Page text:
Ask The Experts: Money Matters

By Mike Miles

Paying insurance premiums

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Q. What factors determine whether it is better to pay insurance premiums with pretax dollars or waive that and pay with after-tax money? My thought is that by paying with after-tax money, taxable income is increased, thereby increasing the Social Security entitlement. How do you determine if that is more beneficial than the reduced tax liability now?

A. The answer depends on your circumstances and a number of assumptions about the future. The issue is discussed on the Office of Personnel Management website at www.opm.gov/insure/archive/health/pretaxfehb/qanda/23.asp.

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Rolling over deferred compensation pretax fund

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Q. I have a State of Kansas deferred compensation 457(b) pretax fund from when I worked for the state. Can I roll this into the Thrift Savings Plan without tax consequences?  If so, how do I go about the process?  If I have to receive a check from the fund directly — not made out to me — I believe I have 60 days in which to get it into another fund.

A. If it contains only pretax money, you may transfer it to the TSP. Use Form TSP-60 and follow the instructions.

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Pre- and post-tax rollover

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Q: I understand that when an federal employee, through a rollover, transfers funds from an individual retirement account to the Thrift Savings Plan that the money transferred can only be pre-tax. My wife has both pre-tax and post-tax contributions in the same IRA. The IRA has grown for 20-plus years, so a lot of its value has had no tax has paid on it. Most of what I have read on the issue seems to indicate that because the IRA has some after-tax money in it, none of the money can be transferred into the TSP even though the amount to be transferred is either before-tax money or earnings that have accumulated without taxes paid on them.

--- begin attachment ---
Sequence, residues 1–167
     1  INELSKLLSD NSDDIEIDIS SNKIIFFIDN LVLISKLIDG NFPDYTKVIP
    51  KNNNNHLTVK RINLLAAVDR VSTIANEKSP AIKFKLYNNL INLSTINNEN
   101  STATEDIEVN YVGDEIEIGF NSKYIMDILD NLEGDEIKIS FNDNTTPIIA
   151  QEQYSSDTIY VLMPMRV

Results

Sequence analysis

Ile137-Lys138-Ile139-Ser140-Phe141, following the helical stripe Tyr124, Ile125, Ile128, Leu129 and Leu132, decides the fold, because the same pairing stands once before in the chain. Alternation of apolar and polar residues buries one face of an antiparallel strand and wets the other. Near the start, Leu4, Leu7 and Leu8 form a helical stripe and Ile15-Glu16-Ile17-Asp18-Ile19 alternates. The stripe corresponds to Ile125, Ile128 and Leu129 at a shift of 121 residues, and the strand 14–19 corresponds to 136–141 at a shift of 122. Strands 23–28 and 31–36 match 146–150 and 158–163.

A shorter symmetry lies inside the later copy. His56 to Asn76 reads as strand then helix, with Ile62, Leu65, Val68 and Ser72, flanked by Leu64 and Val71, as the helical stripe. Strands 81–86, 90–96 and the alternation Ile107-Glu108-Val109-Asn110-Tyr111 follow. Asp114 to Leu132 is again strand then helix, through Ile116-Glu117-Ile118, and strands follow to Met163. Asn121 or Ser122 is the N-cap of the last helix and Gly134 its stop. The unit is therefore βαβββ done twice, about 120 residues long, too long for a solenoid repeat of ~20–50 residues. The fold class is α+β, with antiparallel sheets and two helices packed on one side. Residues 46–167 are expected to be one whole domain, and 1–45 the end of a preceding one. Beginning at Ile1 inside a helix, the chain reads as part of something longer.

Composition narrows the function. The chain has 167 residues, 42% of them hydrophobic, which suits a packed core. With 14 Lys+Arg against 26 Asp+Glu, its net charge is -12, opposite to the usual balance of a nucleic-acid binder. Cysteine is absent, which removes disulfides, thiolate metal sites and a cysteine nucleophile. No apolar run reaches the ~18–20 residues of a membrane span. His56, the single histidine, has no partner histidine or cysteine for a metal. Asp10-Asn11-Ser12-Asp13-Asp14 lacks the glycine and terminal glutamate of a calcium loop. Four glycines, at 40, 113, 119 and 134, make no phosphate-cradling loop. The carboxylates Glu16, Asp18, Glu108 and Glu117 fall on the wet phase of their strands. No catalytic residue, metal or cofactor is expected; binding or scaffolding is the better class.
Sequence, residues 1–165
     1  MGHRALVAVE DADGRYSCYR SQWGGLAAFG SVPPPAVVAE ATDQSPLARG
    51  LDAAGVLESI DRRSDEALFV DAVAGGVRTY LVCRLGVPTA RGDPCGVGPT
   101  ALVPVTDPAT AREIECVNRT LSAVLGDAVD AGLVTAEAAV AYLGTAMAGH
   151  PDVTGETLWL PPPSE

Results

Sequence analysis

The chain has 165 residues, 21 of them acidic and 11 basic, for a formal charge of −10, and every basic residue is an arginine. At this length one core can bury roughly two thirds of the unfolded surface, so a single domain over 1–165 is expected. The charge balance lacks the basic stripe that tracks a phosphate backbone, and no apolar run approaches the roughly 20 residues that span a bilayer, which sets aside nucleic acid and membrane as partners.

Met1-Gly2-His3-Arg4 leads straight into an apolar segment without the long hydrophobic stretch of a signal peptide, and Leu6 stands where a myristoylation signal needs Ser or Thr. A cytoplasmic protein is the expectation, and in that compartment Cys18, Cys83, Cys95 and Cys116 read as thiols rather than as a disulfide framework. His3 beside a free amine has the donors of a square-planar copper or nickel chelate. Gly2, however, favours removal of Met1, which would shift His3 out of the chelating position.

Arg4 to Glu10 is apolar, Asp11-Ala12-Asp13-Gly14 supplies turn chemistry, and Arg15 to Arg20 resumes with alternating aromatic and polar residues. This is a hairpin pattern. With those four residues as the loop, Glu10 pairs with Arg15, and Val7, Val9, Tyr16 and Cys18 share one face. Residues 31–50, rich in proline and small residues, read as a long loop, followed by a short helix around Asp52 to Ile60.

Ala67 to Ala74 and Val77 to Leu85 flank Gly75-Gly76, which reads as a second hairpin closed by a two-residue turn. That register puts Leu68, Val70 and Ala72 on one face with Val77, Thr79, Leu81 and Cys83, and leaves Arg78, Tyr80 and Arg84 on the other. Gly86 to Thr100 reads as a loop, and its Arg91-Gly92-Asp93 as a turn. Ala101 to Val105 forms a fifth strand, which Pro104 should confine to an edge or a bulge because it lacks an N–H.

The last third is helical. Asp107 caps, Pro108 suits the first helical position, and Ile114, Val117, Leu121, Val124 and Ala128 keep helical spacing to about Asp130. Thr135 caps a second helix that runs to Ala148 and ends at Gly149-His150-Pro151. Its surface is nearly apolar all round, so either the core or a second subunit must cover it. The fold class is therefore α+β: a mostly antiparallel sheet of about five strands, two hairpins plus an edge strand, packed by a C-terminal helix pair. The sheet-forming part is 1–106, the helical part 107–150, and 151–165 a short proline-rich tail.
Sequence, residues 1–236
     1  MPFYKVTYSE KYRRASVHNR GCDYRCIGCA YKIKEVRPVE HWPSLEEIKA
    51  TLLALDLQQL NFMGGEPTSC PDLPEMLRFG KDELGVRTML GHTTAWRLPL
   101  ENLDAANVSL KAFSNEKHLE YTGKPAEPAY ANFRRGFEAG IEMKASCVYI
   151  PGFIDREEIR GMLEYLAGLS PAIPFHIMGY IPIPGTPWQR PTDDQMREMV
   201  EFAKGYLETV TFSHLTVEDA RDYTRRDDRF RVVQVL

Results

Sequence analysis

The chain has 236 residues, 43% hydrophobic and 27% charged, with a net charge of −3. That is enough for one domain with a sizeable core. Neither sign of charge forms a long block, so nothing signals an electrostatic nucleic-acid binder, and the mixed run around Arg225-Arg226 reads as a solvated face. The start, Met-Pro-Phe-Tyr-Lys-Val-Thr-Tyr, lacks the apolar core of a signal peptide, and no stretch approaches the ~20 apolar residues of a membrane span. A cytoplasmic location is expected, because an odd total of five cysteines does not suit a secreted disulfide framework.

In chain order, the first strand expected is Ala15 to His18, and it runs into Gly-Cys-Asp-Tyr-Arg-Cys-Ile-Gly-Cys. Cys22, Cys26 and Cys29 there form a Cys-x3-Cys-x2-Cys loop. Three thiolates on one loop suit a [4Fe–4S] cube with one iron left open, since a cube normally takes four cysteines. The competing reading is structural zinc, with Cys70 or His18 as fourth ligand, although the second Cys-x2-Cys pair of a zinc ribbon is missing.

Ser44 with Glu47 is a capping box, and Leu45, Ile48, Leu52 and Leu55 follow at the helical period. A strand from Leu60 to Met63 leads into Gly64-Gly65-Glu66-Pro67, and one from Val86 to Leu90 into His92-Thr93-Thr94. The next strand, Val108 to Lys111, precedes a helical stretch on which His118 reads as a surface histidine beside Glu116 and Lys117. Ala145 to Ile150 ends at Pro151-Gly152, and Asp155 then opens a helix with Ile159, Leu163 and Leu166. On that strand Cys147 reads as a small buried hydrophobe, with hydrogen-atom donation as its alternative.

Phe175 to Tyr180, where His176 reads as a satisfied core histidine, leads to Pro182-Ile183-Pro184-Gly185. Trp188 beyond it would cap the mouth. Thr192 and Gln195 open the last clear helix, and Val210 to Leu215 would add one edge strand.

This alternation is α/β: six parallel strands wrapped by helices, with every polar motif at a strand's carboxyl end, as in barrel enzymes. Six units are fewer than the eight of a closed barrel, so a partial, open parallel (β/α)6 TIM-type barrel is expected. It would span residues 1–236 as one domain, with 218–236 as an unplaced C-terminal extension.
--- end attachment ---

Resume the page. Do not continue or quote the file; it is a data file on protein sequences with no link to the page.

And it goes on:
Is it proper to transfer money from an IRA which contains pre-tax contributions and after-tax contributions so long as the amount rolled over does not include the after-tax contributions?

A: I refer you to Page 18 of IRS Publication 590, which allows for rollover of only the taxable portion of an IRA account into a plan like the TSP. The logistics of accomplishing this can be tricky, however. You should be careful and consider seeking professional help if you do this.

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Conversion of voluntary contribution to Roth IRA

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Q: I will be retiring on Jan. 1. I recently contributed $50,000 to my Voluntary Contribution account. This is my first contribution to this account, and upon retirement I would like to transfer the entire balance directly to a Roth IRA. I have an existing Traditional IRA (never taxed and balance of approximately $65,000) and a Thrift Savings Plan account of approximately $245,000. My goal is to transfer the entire amount of my voluntary contibution directly to an existing Roth IRA upon retirement. My thought is that the only tax I would owe on this conversion would be the few hundred dollars I earned in interest on the Voluntary Contribution account.

My questions are: Will the Office of Personnel Management permit the direct transfer from a Voluntary Contrtibution account in a Roth IRA? And, if so, is my assumption correct that the only taxes I would owe would be the few hundred dollars in earning on this account (since I will not be co-mingling this money with either my Traditional IRA or TSP account)?

A: The OPM will permit you to roll or transfer your withdrawal to any account you designate, except that the contributions portion may be rolled directly into a TSP account, since the TSP will not accept post-tax dollars.

While I can’t comment on how much tax you will actually owe, you will have to aggregate your Traditional IRA balances for purposes of determining the taxability of your conversion. This means that your conversion amount will be deemed to include a portion of your untaxed IRA balance that is proportionate to the share of the aggregate IRA balance you’ve converted.

For example, if you covert $50,000 from a VC account and you have a pre-tax $50,000 Traditional IRA balance at the time, $25,000 of your converted amount will be deemed to be a coversion of pre-tax money and subject to tax. After the conversion, your Traditional IRA will then be deemed to have a tax basis of $25,000, so you will ultimately be able to withdraw that money without tax later.

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